Jan. 12, 2005
DETROIT — Ilitch Holdings, Inc., owner of the Little Caesars pizza chain, has appointed David Scrivano president at Little Caesar Enterprises, Inc.
According to a news release, Scrivano will oversee all aspects of the 46-year-old pizza company.
Scrivano is a 16-year veteran of the pizza industry and joined the Ilitch organization in 1998. He most recently served as senior vice president of administration.
"David Scrivano is a smart, hard-working and highly successful executive, very deserving of this assignment," said Ilitch Holdings President and CEO Christopher Ilitch. "He has been instrumental to the success and growth at Little Caesars during his tenure with the company and he is well respected by everyone with whom he works."
Scrivano said he was proud to take the helm of the historic pizza company. "I believe that there is significant opportunity for explosive growth in the chain, as we have seen in recent years," he said.
Scrivano will report to Ilitch, and Illitch's parents, founders and owners Michael and Marian Ilitch, will continue serving on LCE's board of directors.
Privately held Little Caesars does not disclose financial numbers or store counts, though analysts estimate its 2003 gross sales were $1.3 billion and unit counts are around 3,300.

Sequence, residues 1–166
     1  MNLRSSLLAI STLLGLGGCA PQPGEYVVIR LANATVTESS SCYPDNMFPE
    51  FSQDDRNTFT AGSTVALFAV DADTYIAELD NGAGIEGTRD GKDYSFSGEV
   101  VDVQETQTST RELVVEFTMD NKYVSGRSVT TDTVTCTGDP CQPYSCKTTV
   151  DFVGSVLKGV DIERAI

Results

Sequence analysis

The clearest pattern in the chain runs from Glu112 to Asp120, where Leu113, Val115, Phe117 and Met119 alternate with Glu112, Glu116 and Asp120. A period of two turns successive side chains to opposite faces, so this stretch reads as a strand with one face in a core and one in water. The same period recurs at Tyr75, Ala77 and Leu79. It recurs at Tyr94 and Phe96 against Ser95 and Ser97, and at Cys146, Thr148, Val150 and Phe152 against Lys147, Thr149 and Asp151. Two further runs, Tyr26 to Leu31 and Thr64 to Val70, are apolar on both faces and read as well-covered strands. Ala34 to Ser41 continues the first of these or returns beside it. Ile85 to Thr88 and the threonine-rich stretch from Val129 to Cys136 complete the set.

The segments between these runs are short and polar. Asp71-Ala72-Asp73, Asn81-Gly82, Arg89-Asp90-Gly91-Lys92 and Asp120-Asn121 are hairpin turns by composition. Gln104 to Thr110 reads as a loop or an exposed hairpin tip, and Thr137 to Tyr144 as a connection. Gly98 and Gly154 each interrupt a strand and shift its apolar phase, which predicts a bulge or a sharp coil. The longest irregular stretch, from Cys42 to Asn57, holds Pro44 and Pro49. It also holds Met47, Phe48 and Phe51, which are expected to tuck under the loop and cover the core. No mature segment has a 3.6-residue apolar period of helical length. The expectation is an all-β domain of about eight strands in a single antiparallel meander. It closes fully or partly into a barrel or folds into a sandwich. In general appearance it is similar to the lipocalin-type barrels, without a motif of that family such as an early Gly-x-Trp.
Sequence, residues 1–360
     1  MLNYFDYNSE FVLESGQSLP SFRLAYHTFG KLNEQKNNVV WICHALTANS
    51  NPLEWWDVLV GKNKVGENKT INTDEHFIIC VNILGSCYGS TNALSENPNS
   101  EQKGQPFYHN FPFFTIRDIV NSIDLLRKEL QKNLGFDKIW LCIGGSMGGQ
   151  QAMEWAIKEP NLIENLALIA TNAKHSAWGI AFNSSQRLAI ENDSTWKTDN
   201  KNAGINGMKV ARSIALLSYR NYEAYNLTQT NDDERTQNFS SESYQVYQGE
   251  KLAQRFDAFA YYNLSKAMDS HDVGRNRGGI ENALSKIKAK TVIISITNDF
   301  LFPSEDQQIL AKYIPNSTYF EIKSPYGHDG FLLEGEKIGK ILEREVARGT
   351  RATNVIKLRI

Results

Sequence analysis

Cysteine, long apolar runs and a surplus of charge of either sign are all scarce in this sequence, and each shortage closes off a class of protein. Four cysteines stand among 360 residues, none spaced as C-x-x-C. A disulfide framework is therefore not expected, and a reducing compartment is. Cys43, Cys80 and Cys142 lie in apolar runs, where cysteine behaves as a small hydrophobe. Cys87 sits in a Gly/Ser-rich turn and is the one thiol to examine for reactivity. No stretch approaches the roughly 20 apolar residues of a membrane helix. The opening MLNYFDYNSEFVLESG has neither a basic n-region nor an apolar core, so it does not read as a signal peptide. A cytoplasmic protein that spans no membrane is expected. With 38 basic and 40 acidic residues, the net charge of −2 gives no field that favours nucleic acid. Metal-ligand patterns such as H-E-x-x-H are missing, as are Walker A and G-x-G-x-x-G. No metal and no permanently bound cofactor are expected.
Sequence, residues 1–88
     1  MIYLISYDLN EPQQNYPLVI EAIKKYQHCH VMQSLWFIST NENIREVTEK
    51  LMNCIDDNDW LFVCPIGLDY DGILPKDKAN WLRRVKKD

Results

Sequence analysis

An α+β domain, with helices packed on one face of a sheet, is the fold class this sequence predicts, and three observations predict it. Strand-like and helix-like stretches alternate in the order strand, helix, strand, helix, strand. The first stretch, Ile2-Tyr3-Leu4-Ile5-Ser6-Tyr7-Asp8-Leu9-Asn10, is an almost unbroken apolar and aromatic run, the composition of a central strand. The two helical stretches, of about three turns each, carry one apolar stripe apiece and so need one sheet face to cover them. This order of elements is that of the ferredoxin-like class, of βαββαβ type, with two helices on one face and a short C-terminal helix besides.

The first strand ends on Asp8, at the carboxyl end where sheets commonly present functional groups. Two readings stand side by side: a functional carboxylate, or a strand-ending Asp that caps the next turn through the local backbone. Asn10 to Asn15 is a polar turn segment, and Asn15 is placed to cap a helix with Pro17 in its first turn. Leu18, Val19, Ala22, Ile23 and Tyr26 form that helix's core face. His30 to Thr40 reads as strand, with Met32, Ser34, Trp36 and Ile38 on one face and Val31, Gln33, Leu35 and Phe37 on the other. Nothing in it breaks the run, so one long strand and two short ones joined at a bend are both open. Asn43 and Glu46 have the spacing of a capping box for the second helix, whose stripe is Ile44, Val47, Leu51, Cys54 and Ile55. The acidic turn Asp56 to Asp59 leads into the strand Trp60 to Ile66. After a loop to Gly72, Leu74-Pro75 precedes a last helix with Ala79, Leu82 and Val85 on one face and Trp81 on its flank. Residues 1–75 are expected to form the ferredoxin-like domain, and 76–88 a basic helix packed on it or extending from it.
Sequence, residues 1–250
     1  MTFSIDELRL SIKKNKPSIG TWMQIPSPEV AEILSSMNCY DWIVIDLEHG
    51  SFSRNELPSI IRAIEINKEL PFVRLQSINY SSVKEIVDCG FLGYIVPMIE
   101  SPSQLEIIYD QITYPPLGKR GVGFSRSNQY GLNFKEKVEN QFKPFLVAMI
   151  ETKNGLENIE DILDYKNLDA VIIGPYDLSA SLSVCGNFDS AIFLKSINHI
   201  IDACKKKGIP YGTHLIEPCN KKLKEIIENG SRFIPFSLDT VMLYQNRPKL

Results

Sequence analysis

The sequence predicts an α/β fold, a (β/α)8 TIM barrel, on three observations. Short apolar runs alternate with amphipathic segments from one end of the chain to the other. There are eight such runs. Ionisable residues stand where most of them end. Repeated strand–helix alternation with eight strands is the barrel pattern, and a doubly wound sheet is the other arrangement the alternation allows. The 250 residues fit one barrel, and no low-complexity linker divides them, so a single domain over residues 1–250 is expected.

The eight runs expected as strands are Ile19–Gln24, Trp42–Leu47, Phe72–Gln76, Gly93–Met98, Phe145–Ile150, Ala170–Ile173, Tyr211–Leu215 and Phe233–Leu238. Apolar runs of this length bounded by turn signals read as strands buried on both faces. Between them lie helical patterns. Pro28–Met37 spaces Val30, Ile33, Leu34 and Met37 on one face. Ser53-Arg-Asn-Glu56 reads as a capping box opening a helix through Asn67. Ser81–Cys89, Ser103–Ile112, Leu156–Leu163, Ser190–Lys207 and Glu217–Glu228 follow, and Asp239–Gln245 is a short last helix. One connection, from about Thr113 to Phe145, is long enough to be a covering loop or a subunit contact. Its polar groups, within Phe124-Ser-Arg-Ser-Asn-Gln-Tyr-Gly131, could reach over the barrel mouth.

After years of dismal performance, including 1999, when it closed 400-plus stores on a single day, the chain has enjoyed a revival (read Is Little Caesars truly rising again?) and reentered major metropolitan markets it had previously abandoned, including Dallas and St. Louis.
A landmark settlement in 2001 (read Little Caesars settles lawsuit with franchisees and A Fair Deal for All) ended a long and contentious battle between the company and its franchisees, who sued the chain for allegedly misusing their marketing royalties and for charging high prices at its exclusive Blue Line distribution arm. The peace was broken three years later when Little Caesars sued nearly 40 franchisees (read Pizza pugilists), claiming the operators were using unapproved food products in their stores. The franchisees claim the company's claims are without merit, and the matter remains unsettled.